If I had to create a slogan that represents the Digital Media for International Marketing module I am leading this academic year and particularly our first week’s topic most likely it would be something like this: Digital Matters
Knowing why digital matters for the symbiotic relationship between sports and media seems to be the key for understanding how this dyad continues to metamorphose in an even faster pace than in previous time. And by comprehending how this new scene emerges and exists allows us then to formulate marketing communication strategies that uses different media (the plural of medium) in complementary ways.
For David Rowe and Brett Hutchins (2013) what the digital revolution and particularly convergent digital media brought to the industry is a new era of plenitude that contrasts with the now perceived scarcity of traditional media relationship to sport. In a way, sports as a content to be consumed and experienced is now so widely accessible on different media platforms that its unavailability as during the first instances of the covid19 pandemic led to a sense of loss to many of us sport fans (see this interview with Gary Lineker on Financial Times).
But for me to understand how the symbiotic relationship between sports and media is metamorphosing in this new digital age is to go beyond a face value explanation of plenitude vs scarcity to be conscious of the deeper changes that this type of technology induces on our daily lives. First of all, we need to realise that digitalisation in the basic level means the transformation of any form of content into digits (0s and 1s); this transformation means that this information (a string of 0s and 1s) irrespectively of being it sound, still image, or moving image can be transferred across multiple devices; those devices can read that information and reproduce it with deeper realism – with very or no loss of information. Added to this, with new technologies of compression and decompression and computing processing power it is possible to fit even more information [just think about the transition from standard definition to high definition and now to 4k as industry standard] and to share it widely [think about how Internet speed evolved during the last 5 years] across multiple devices [your mobile phone is more of a computer than a telephone – see the advert below from Apple making similar claim but in relation to their watch]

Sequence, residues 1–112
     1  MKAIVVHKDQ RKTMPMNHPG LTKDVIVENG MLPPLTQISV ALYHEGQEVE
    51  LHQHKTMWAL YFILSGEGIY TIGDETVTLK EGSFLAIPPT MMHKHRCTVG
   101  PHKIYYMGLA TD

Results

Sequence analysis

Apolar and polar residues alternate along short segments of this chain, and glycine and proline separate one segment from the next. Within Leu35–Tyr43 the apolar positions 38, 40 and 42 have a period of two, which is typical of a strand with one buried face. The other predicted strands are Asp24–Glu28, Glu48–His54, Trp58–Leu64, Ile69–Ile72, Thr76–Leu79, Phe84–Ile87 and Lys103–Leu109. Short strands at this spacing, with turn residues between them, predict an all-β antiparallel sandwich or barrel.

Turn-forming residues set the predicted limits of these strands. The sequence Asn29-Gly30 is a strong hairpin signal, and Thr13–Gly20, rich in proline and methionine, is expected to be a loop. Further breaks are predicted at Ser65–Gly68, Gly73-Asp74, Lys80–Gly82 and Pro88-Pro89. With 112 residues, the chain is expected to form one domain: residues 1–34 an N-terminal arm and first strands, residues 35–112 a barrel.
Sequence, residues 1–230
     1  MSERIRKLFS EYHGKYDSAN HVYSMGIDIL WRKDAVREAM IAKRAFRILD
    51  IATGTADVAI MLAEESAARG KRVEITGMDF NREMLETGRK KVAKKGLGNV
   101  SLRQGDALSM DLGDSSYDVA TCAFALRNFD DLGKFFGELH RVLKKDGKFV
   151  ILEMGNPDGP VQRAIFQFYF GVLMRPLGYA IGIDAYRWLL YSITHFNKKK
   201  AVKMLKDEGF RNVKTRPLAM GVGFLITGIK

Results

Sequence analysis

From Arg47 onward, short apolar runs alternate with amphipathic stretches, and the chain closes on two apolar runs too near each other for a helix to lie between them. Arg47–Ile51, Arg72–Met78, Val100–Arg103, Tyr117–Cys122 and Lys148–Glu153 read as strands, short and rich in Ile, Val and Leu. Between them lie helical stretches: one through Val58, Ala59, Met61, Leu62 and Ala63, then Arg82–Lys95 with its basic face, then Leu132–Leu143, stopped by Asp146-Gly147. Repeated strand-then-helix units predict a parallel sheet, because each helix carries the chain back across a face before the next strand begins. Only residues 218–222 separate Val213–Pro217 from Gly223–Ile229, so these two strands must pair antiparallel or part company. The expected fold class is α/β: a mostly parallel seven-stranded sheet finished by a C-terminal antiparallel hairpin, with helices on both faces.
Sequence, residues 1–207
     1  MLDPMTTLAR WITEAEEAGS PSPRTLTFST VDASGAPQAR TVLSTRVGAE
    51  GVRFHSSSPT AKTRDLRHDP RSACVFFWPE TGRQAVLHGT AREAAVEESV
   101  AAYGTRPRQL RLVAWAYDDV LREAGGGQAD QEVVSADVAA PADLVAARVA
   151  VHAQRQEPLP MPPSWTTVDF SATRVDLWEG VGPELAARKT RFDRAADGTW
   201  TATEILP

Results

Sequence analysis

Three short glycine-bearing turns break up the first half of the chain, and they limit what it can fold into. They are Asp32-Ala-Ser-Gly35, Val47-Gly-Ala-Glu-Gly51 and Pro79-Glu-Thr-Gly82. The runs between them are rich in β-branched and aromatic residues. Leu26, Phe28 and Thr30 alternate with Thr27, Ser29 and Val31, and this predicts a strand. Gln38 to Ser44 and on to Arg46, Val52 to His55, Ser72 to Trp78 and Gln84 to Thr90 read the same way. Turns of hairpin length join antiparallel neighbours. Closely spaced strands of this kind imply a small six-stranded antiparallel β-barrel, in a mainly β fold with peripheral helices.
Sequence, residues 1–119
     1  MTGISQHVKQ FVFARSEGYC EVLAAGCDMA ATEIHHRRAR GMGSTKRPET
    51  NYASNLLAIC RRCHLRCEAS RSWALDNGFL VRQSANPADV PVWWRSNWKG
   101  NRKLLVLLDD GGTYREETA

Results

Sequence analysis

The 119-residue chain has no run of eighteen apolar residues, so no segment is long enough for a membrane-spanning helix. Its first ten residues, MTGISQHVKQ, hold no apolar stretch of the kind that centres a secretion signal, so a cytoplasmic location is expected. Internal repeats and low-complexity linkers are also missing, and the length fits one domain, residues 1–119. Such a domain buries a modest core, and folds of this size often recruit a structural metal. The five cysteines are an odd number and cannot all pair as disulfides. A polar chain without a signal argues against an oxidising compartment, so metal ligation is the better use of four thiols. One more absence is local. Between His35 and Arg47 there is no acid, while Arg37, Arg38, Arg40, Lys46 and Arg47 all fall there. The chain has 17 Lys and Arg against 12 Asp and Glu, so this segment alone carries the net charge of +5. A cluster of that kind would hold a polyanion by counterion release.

Digital matters because it is changing the way we relate to sport on a very mundane level. The realism of spectating it live in stadia is matched or even surpassed by the hyperrealism of 4k broadcasting; the experience of watching a game alone is probably something of a distant past as now we are constantly connected to others via social media; and how we keep fit is also being disrupted by digital fitness providers as Apple Fitness+ (see my post here), Peloton, Zwift, Strava, and others.
In a way as Rowe and Hutchins (2013) argue it is impossible to talk about sport and media as two separate entities, but instead in this digital world we currently live in we should see it as sports as media. And as we live in a mediated world [media platforms are everywhere fighting for our attention] it is possible to say that sport is everywhere too.
The question now is to how to embed sport in this media ecology that comprises both analogue traditional media and digital media platforms.